OSAKA -- As Panasonic prepares to celebrate the 100th anniversary of its founding by Konosuke Matsushita in March, the company finds itself holding the enviable position of Japan's top home appliance maker. Nevertheless, President Kazuhiro Tsuga is determined to change the group's business model, since the appliance business alone will not generate growth, he told The Nikkei in a recent interview.
Since becoming president in 2012, Tsuga has directed the company's resources into auto components and housing. This put Panasonic on track for its first sales increase in four years and first profit rise in two years in the current business year through March.
Besides the auto business, though, Tsuga appears to be struggling to find new growth engines that consumers can easily associate with the Panasonic name. These diversification efforts will set the tone for the next 100 years.
Q: How do you sum up the last 100 years?
A: While the founder was still active, the company grew steadily. In the last 20 years, things have not necessarily gone well because of price competition from South Korean and Chinese rivals. If we continue with home appliances only, our future will not be safe for the next 100 or even 10 years.
Q: Who are your rivals?
A: We do not intend to directly challenge big electronics companies like South Korea's Samsung Electronics and LG Electronics. But in certain regions, we must win. Our shift to white goods was designed to do that. We have nearly given up on a global fight to sell as many products as possible by undercutting rivals. Our view on home appliance business now is to compete in markets where we are rooted in people's lives.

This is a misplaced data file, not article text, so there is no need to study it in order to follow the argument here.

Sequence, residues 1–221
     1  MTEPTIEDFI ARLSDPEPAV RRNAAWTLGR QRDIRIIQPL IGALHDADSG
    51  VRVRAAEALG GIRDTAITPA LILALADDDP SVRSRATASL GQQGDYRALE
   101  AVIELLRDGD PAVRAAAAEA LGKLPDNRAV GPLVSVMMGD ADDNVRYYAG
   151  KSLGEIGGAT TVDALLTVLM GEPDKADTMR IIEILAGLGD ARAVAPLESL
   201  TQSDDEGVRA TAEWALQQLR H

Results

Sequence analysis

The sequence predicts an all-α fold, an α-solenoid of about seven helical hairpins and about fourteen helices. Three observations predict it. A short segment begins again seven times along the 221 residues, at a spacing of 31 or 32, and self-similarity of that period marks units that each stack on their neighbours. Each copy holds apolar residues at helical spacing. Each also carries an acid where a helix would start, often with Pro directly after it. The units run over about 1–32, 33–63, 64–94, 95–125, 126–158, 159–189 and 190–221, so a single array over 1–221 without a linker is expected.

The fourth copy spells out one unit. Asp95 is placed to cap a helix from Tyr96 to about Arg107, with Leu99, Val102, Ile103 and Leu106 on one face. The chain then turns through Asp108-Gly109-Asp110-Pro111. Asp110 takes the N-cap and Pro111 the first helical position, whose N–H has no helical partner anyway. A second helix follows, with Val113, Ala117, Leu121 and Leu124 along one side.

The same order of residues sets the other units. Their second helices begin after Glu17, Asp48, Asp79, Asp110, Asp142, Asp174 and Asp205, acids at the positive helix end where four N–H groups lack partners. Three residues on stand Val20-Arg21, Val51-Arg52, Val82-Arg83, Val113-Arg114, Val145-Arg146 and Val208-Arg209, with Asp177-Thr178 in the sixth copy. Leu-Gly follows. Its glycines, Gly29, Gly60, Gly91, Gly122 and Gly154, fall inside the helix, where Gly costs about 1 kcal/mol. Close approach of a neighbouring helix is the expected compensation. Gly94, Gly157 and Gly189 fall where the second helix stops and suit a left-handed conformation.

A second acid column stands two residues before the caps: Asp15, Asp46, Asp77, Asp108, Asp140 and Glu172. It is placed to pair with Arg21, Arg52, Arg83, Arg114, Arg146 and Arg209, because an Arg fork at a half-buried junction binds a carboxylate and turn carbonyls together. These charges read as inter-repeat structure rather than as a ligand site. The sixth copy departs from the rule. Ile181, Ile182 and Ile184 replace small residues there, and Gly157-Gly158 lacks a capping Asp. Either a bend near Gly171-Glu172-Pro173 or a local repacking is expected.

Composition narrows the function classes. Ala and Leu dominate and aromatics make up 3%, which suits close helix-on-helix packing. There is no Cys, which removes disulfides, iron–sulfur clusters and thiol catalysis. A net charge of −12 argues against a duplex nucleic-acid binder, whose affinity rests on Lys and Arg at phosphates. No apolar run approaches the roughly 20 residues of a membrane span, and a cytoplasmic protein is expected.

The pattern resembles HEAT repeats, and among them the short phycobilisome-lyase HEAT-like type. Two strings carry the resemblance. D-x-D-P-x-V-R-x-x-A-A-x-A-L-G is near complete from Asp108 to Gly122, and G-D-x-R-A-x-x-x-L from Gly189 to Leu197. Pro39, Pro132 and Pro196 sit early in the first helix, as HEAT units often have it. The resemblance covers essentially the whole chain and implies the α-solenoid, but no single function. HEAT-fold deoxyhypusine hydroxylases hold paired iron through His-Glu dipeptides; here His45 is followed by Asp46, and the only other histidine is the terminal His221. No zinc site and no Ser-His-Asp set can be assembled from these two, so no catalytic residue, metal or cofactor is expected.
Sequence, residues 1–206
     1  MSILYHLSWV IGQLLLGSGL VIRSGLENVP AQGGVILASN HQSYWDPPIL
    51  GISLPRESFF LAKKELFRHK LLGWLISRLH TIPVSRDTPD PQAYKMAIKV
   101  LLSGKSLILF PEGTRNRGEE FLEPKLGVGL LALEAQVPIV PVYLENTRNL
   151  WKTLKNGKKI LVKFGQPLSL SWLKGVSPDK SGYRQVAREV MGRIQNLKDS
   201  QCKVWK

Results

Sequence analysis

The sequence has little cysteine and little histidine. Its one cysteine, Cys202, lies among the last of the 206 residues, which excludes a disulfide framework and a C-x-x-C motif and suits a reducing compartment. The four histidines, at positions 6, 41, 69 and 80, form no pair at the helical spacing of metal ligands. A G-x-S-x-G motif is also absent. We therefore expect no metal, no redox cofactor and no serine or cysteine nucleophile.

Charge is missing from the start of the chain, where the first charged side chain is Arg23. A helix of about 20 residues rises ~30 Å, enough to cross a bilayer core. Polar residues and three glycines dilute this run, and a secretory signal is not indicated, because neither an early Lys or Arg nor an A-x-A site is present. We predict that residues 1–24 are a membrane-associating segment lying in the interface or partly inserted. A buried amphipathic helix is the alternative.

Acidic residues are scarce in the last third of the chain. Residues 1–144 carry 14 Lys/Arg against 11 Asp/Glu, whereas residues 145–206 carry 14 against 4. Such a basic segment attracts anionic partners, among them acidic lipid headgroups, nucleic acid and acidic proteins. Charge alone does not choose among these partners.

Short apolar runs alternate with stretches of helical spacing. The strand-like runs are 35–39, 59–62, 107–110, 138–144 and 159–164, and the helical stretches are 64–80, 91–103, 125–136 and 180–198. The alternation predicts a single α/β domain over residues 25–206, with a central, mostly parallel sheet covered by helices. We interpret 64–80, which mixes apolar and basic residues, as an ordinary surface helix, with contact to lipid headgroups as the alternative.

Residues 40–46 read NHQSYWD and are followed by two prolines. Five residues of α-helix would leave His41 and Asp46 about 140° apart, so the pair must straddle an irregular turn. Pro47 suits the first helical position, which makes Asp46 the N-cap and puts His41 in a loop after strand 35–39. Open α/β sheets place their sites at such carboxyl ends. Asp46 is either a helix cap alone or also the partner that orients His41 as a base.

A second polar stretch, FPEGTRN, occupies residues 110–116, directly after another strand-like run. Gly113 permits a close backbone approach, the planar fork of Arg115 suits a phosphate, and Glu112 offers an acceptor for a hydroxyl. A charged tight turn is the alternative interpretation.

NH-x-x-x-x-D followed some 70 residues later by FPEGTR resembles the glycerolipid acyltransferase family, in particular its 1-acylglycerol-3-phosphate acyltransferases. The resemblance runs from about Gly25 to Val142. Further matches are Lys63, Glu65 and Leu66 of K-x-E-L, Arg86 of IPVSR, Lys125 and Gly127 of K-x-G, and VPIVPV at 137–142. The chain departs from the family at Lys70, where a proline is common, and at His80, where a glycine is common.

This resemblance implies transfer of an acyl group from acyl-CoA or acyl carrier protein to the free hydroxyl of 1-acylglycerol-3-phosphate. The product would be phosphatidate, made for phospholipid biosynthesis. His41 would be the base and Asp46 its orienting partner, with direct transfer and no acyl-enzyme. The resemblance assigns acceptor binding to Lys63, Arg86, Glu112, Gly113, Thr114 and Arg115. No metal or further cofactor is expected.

Q: What kind of company does Panasonic aim to become?
A: I think that those [companies] that end up changing their business models as they go forward are the "real" ones. We have not made many changes to our business model in the past.
Q: Panasonic has been shifting its focus from home appliances to auto components. What is the thinking behind that?
A: Our sales of auto components are still around 20th in the global ranking. Eventually we hope to become a "mega tier 1" supplier like Denso and Germany's Robert Bosch. We will not have a chance if the current industrial structure remains the same. But if vehicles are to be made of different parts such as electric parts, we could.
Q: How do you feel about entering your sixth year as president, which, by Panasonic's unwritten rules, means your last?
A: I wouldn't say that I don't think about it at all. My two predecessors stepped down after six years. But I'm not their age yet. I became president when I was 55. I don't think I should step down just because I spent six years in the job.
Q: How about 66, when Konosuke [Matsushita] stepped down?
A: There are top company executives who push through bold reforms regardless of their age. If the founder were still alive today and I decided to step down just because I turned 66, I think he would say, "What?"
Q: Tesla, with which Panasonic jointly runs a battery factory, has been falling behind schedule in electric vehicle production. What is your view on that?
A: Tesla pushed itself a bit too hard when it started mass production. We worked hard to follow Tesla CEO Elon Musk, but once Tesla began production, bottlenecks were found and we had to stop battery production. That made our relationship a bit awkward. But now we have good communication. I'm not concerned.
Q: Panasonic has the world's largest share of the market for lithium-ion batteries for passenger vehicles. What is the plan going forward?
A: The answer is clear. We will lead the market not with volume but with technology and manufacturing power. When electric vehicles become a boom in the future, many batteries will be needed. That's when mass production will become crucial.